Food Entrepreneur SEATTLE — The pandemic fueled a legume boom, as shoppers packed their pantries with canned and dry beans. A Seattle startup is bringing a fresh twist to the category, which continues to benefit from strong consumption trends.

Primary Beans sources directly from farms across North America to deliver dried heirloom varieties that are regeneratively grown and fully traceable. Offerings range from cannellini beans and chickpeas to rare and regional types such as Chaparro and Mayacoba beans. The products, which are available at, were harvested late last year or early this year and packed a month or two after.  

“When you think about the commodity bean landscape in the US, it’s kind of hard to know how old your beans are, and that really impacts flavor and your overall experience cooking dry beans at home,” said Lesley Sykes, co-founder and chief executive officer. “I realized there was a lot of misinformation out there carried down through the generations of probably people using old beans to begin with because beans have been commoditized for a really long time. I just thought I could take my knowledge and experience with supply chains and agriculture and then apply that to beans.”

Ms. Sykes, who launched the business with her sister, Renee, studied nutritional sciences at the University of Arizona and received a master’s degree in agriculture and environmental science and policy at Tufts University. She began her career as supply chain manager for a non-profit developing markets and brokering fresh produce for small family farms. For three years she was program manager at a third-party environmental, sustainability and food quality certifier and standards developer. She also holds an executive role at her family’s business, The Sykes Co., a fresh produce importer and marketer.

“Early on I was exposed to this idea of entrepreneurship and getting involved in disrupting supply chains more in the fresh produce space,” Ms. Sykes said. “I constantly draw on that experience.”

Primary Beans debuted in late 2020, amid a home cooking renaissance. Ms. Sykes partners with farmers in Montana, Idaho, Michigan and Mexico to grow lesser-known varieties, some of which have cultural significance in those communities.

“The farm we work with in Zacatecas, Mexico, I went down there and talked to them and said, ‘What are some of the varieties you are excited to grow?’ and a lot of them actually said 20 years ago there was something people grew and there was a market for, but as the government incentivizes different production areas to grow more exportable varieties like pinto and black beans, they kind of fell out of favor. So, there are these old regional favorites that I was really excited about because they tend to be more flavorful and more interesting.”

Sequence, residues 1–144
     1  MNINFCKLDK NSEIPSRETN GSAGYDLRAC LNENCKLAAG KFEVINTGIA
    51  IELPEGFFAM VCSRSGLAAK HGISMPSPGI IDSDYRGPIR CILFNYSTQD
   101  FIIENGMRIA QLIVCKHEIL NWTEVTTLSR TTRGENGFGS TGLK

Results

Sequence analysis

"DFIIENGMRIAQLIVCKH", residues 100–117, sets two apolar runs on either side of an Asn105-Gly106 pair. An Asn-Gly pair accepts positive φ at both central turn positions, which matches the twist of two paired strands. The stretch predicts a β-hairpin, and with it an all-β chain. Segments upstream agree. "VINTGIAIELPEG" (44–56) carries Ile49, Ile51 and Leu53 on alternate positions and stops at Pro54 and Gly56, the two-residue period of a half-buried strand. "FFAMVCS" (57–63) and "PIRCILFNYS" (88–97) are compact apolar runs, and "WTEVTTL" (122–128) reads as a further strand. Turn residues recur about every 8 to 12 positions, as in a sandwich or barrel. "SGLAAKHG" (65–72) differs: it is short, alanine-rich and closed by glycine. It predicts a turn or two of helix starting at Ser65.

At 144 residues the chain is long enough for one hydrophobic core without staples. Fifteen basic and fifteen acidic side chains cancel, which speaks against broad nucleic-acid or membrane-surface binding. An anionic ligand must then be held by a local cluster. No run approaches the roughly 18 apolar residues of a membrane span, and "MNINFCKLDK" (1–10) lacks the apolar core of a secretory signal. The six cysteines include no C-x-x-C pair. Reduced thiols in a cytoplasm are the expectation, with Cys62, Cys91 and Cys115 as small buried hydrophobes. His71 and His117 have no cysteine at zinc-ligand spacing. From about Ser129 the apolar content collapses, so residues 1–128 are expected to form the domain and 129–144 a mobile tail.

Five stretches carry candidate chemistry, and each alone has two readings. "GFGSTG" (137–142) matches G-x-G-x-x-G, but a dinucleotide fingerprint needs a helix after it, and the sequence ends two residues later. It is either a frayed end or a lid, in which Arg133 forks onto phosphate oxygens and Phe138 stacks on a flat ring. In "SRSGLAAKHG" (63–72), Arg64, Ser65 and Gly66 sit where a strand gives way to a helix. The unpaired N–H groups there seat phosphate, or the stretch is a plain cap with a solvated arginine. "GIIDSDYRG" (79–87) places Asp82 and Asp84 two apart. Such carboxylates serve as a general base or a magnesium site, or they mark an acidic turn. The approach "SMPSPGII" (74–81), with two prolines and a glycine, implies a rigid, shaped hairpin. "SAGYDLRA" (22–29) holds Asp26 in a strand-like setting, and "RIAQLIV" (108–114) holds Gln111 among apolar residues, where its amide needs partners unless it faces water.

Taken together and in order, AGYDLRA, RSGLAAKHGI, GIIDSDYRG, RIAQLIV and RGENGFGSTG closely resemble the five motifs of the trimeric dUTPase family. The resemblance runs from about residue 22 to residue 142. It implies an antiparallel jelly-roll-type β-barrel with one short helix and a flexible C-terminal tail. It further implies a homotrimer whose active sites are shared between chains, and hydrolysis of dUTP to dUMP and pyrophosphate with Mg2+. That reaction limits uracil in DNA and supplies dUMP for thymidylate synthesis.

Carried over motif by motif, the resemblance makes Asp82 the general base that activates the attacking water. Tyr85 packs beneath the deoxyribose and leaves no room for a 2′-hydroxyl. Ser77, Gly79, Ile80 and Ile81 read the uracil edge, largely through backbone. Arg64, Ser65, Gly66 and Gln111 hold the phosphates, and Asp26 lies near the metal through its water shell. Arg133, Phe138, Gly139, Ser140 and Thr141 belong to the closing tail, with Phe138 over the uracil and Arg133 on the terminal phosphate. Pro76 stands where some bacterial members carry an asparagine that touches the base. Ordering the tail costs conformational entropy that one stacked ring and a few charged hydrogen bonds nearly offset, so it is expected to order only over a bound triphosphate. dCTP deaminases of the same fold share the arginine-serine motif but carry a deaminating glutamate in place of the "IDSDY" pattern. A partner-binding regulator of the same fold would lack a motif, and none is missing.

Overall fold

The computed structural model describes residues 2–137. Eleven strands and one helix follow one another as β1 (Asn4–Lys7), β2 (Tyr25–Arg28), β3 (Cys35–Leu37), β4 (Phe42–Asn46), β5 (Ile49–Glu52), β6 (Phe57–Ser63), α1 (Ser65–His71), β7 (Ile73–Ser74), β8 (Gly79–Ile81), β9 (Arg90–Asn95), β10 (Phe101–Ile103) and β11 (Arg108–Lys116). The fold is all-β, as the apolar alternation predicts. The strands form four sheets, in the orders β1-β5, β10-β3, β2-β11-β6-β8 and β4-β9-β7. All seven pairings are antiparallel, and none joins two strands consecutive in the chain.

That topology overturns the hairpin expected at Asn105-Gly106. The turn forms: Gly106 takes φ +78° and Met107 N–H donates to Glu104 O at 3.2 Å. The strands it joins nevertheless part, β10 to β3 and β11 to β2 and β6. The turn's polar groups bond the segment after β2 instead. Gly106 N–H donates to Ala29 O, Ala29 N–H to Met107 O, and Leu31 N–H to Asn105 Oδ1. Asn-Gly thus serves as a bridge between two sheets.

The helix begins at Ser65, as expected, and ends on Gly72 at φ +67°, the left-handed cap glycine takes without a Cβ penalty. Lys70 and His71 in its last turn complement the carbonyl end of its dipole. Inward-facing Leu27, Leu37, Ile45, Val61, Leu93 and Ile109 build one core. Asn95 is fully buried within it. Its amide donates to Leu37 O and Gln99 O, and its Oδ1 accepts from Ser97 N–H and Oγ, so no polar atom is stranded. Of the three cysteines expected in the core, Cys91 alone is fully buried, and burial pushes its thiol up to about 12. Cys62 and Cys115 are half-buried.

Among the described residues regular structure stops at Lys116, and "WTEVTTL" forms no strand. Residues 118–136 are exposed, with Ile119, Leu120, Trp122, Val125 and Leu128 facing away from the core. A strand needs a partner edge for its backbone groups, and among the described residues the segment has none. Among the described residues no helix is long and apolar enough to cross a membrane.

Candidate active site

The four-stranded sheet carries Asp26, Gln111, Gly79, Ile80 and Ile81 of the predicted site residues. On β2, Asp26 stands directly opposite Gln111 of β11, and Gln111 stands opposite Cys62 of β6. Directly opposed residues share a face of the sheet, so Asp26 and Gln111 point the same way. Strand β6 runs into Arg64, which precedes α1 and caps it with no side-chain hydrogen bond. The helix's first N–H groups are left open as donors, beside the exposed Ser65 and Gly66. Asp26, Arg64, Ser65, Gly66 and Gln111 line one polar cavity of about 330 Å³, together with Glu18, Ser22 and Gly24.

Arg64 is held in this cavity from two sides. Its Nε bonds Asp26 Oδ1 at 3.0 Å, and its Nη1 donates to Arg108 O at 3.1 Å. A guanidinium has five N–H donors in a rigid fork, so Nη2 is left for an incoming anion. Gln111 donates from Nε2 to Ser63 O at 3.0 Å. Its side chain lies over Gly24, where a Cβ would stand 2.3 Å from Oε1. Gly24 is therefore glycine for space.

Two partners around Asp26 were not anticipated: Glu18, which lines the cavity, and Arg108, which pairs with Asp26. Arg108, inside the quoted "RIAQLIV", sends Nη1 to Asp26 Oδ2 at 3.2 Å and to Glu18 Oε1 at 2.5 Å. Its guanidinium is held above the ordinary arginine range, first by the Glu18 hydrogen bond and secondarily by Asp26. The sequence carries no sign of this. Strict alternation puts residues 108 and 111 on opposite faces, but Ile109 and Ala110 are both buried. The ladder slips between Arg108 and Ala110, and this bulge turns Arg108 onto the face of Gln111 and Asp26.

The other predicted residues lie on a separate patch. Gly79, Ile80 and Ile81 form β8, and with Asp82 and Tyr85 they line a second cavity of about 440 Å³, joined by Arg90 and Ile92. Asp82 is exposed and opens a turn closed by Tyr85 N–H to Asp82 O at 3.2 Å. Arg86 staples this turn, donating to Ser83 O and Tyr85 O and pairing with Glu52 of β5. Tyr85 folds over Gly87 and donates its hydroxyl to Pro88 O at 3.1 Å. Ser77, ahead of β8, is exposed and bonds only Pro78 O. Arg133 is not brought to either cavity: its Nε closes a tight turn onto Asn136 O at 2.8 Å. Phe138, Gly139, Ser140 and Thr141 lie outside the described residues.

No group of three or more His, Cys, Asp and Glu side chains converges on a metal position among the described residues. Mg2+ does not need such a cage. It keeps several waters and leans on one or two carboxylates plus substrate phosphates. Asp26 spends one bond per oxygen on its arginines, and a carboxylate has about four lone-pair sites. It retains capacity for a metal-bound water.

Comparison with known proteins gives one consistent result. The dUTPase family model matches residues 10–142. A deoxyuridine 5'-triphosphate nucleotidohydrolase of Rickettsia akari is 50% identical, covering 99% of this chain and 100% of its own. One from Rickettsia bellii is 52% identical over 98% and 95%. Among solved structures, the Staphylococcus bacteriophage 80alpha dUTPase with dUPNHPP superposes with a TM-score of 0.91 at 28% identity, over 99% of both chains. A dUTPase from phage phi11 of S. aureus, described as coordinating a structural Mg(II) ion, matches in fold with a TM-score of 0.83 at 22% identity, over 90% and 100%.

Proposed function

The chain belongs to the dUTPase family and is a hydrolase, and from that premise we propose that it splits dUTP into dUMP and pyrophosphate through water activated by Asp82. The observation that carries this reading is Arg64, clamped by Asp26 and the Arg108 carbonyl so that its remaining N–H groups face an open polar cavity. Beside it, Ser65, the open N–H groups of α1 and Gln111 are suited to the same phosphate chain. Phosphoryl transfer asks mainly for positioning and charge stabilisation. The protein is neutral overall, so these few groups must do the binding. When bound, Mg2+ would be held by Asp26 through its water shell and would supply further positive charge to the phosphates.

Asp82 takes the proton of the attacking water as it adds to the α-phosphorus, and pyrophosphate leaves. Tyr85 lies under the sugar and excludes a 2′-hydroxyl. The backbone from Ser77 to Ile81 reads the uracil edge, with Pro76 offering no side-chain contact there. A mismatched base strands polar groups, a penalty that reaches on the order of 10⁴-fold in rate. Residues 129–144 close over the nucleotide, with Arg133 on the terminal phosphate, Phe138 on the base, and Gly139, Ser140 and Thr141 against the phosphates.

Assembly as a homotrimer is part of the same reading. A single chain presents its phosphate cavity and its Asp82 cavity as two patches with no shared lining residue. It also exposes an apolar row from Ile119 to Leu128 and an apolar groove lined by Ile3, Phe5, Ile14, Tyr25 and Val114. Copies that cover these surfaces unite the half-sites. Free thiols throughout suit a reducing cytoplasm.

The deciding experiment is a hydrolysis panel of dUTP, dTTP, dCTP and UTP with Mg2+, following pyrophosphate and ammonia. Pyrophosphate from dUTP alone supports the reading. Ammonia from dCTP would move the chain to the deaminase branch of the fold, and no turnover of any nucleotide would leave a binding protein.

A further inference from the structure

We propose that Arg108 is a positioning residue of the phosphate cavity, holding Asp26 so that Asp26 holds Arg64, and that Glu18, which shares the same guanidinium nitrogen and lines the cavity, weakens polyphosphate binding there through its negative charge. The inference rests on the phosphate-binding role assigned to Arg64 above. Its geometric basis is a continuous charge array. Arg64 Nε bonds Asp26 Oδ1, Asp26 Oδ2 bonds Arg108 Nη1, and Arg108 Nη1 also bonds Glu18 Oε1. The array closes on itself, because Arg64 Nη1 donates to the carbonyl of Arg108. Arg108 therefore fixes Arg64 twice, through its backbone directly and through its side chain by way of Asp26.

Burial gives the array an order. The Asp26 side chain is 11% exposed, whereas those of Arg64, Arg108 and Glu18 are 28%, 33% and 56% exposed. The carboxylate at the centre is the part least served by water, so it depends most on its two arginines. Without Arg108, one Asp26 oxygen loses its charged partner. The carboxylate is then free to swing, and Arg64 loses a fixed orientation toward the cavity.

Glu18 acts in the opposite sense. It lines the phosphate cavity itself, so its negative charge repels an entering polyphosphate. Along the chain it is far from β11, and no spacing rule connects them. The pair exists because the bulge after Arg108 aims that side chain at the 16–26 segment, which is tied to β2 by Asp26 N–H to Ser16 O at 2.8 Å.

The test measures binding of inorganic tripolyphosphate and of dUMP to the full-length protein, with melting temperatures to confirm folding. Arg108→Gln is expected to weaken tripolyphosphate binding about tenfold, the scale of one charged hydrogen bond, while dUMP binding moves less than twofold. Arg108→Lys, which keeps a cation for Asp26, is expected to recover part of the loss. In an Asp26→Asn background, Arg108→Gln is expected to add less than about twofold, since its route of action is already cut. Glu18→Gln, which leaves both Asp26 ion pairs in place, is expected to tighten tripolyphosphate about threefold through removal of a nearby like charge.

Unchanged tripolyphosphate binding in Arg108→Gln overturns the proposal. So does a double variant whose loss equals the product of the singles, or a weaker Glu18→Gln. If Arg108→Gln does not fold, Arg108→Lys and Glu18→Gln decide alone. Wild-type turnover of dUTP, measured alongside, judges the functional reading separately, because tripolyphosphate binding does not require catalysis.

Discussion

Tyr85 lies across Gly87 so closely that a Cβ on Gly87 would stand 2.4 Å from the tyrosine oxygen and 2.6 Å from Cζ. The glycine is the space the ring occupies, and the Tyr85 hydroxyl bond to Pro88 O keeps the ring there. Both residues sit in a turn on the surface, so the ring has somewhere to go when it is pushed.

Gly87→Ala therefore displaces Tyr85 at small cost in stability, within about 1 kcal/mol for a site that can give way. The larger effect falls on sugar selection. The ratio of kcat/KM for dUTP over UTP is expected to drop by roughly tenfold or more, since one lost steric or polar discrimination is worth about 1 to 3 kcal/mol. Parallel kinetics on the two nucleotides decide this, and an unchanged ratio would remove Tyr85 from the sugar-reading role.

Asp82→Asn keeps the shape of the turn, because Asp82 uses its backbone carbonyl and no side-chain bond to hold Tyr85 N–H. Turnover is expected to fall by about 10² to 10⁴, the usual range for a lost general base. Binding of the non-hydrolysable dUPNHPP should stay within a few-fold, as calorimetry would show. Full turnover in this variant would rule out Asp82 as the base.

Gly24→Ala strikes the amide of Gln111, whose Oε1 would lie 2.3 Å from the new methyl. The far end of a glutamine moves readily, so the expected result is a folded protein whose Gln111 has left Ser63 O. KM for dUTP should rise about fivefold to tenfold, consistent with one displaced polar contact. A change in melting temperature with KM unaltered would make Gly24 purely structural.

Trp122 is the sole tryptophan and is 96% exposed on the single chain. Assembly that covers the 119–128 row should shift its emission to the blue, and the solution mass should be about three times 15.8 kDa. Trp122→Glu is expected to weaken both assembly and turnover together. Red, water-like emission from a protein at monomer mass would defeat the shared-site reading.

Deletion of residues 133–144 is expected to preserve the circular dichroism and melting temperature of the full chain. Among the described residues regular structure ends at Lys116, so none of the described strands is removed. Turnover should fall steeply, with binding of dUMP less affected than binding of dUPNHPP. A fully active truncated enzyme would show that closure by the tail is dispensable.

The startup also taps into breeding programs at universities to source new varieties. In April, the brand introduced Southwest Gold, developed at the University of California, Davis. The bean is derived from Zuni Gold, which has been grown for centuries in southwestern states, and has been adapted to resist disease and improve yields. The variety was selected among eight samples last spring by a group of testers as part of Primary Beans’ pilot project, rated favorably on flavor, texture and appearance.

“Our Pilot Project was a rare and special opportunity to be part of the future of our food system, and one I’m incredibly proud of,” Ms. Sykes said. “Knowing where your food comes from doesn’t get more personal than this — and I hope it’s just the first of many chances to bridge the gap between farms, breeders and home cooks.”

While the business is mostly online, Primary Beans is expanding into independent and specialty retailers. With its single-origin sourcing model, partnering with a national distributor “doesn’t make a ton of sense,” Ms. Sykes noted.

“Now that we’re three harvests in and have our new packaging — there’s a lot of costs; freight, for example, is killing us — but every year we see incremental growth, and I am able to see the efficiencies that come with scaling,” she said. “In terms of scaling, we’re hoping to shift the needle in the US to making these fresh and varied beans more accessible. So being on more retail shelves and growing our direct-to-consumer audience, too, is a really healthy mix for the future of the company, and we’re on that track.”

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